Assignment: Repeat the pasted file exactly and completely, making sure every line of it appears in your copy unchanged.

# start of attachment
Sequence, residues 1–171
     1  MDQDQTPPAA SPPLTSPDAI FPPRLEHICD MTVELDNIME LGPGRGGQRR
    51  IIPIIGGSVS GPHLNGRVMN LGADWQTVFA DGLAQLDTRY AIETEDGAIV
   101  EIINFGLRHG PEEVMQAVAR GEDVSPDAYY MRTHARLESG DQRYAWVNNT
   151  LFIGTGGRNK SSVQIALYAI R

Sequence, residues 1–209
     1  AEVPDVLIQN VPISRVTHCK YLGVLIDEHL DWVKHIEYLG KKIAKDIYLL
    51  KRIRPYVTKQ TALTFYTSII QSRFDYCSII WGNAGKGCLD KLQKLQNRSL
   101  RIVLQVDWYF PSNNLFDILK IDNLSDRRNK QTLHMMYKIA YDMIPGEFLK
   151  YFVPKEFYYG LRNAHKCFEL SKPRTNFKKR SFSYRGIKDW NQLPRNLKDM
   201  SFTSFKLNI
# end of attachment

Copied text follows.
Sequence, residues 1–171
     1  MDQDQTPPAA SPPLTSPDAI FPPRLEHICD MTVELDNIME LGPGRGGQRR
    51  IIPIIGGSVS GPHLNGRVMN LGADWQTVFA DGLAQLDTRY AIETEDGAIV
   101  EIINFGLRHG PEEVMQAVAR GEDVSPDAYY MRTHARLESG DQRYAWVNNT
   151  LFIGTGGRNK SSVQIALYAI R

Sequence, residues 1–209
     1  AEVPDVLIQN VPISRVTHCK YLGVLIDEHL DWVKHIEYLG KKIAKDIYLL
    51  KRIRPYVTKQ TALTFYTSII QSRFDYCSII WGNAGKGCLD KLQKLQNRSL
   101  RIVLQVDWYF PSNNLFDILK IDNLSDRRNK QTLHMMYKIA YDMIPGEFLK
   151  YFVPKEFYYG LRNAHKCFEL SKPRTNFKKR SFSYRGIKDW NQLPRNLKDM
   201  SFTSFKLNI